Several U.S. senators recently wrote to Dr. Stephen Hahn, commissioner of the Food and Drug Administration (FDA), that it is imperative that his agency ensures that vaping products are properly regulated.

New Hampshire U.S. Sens. Jeanne Shaheen and Maggie Hassan joined a bipartisan coalition in calling on the FDA to take action. According to the letter, the senators rightfully expect Hahn will ensure that the agency reject e-cigarette product applications that do not protect the nation’s public health.

January marked the release of the Trump administration’s seemingly final policy on tobacco and vaping products. In addition to increasing the tobacco age from 18 to 21, the FDA chose to remove a swath of pod-based products — sold in gas stations and bodegas —from the market.

This restriction was only noted as temporary, with health officials citing the existing mandates of the Tobacco Control Act of 2009.

In light of media reports from outlets like the Wall Street Journal and The New York Times, many opponents of the vaping industry —and nicotine consumers — began campaigns to target flavored disposable vape products and push for stricter policies across the country. Only tobacco and menthol-like flavors are to remain in this product format.

“As head of the FDA, your responsibility is to the American public, including, and most important, our nation’s children,” Shaheen and Hassan wrote with the other senators. “As you know, five million children are now vaping, including one in four high school students — an increase of 135 percent over the past two years alone… we do not believe that a product that has increased or is likely to increase youth use of nicotine or tobacco can meet the public health standard required under the [law].”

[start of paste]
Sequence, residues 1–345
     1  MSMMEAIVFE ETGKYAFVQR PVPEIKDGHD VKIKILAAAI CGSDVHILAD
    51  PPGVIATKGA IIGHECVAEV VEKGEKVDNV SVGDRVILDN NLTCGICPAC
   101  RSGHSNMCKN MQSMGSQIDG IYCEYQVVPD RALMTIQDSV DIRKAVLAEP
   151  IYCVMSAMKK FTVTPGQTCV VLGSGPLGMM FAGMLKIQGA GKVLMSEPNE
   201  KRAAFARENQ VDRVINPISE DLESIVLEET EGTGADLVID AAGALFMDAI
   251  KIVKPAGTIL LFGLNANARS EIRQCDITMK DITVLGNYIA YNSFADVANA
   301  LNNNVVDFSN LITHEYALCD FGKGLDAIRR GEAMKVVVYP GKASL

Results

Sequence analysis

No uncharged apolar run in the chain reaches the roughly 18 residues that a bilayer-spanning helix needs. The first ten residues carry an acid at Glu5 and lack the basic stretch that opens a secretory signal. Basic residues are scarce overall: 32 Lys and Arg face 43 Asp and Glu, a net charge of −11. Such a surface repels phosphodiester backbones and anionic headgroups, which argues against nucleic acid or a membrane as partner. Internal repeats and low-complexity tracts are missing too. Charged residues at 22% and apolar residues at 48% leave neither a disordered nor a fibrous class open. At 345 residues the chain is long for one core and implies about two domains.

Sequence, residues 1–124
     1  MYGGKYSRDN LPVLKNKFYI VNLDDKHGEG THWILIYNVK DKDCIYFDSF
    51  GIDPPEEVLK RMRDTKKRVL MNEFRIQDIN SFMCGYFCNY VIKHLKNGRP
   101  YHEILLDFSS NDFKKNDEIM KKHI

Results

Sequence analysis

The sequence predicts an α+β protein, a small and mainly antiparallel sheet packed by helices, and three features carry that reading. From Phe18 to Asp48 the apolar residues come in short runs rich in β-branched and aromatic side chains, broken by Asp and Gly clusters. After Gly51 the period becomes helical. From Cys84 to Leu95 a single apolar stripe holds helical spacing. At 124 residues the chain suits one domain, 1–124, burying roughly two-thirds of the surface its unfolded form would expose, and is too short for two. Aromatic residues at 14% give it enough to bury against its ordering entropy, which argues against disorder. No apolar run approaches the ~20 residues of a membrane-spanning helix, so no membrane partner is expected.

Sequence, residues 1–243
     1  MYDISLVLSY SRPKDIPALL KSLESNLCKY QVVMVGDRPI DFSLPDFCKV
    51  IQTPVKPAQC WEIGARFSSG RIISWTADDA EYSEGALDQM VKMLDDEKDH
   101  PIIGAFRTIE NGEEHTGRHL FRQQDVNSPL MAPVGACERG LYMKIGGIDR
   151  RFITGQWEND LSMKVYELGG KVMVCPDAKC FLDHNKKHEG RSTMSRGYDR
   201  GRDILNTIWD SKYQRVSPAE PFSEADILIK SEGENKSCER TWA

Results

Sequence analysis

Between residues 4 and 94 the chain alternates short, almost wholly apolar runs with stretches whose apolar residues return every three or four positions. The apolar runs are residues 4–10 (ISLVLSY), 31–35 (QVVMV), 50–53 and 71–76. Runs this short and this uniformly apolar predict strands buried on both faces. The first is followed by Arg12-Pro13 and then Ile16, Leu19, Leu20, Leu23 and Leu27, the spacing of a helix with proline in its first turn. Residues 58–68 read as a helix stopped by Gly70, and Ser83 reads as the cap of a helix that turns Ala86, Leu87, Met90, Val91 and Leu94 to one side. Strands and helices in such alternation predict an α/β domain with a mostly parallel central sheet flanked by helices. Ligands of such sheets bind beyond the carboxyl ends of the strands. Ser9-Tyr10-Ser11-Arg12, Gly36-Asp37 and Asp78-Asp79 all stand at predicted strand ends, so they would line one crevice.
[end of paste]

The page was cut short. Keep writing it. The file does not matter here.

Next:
I firmly respect the concerns of Sens. Shaheen and Hassan and other members of Congress, including: Sens. Ron Wyden (D-Ore.), Elizabeth Warren (D-Mass.), Lisa Murkowski (R-Alaska), and Mitt Romney (R-Utah).

“When looking at the changing e-cigarette marketplace, including the proliferation of products that use nicotine salts, JUUL-like products, and disposable flavored products, it is virtually certain that many products have entered illegally. FDA will have failed to uphold its responsibility to protect public health if the May 12 deadline is enforced in the same manner as the deeming rule,” the senators further noted in the letter.

The senators blame the Trump administration for failing to completely remove flavored vapes of all sorts from the market. Such a belief, though, is no more misguided than President Trump’s attempt to create an entirely new agency focused on tobacco regulation.

Note: The industry already faces the May 12 deadline because of prior litigation and the nature of the marquee 2009 tobacco law. A federal district court holds that the FDA is in a position to enforce product applications and remove products indefinitely until approval is reached.

Sadly, these senators find this not to be enough action.

As outlined by the letter, this bipartisan coalition shares the belief that leaving a limited number of products on the market still poses an inherent public threat. This is irresponsible reasoning that has long been applied to the war on drugs and drug users.

Though Trump is still a bad actor against the various industries, his FDA at least recognizes the importance of protecting as many jobs as possible. Unfortunately, the sentiment in the administration is still emboldened by the misinformed tripe these lawmakers show.

Worldwide, respected public health bodies and national governments have seen reason to endorse vaping as a safer means for nicotine delivery. Therefore, these products should be regulated and referred to as risk-reduced, or modified risk products, which demonstrate actual benefits to the wider public health.

Shaheen, Hassan and their colleagues must recognize actions of other countries’ governments.

By demanding that the FDA turn down scores of applications of products that are sure to be designed for consumer safety in labs approved by industry and public regulatory bodies, these senators collectively prop up the false narrative that e-cigarettes are dangerous — or more so than combustible cigarettes.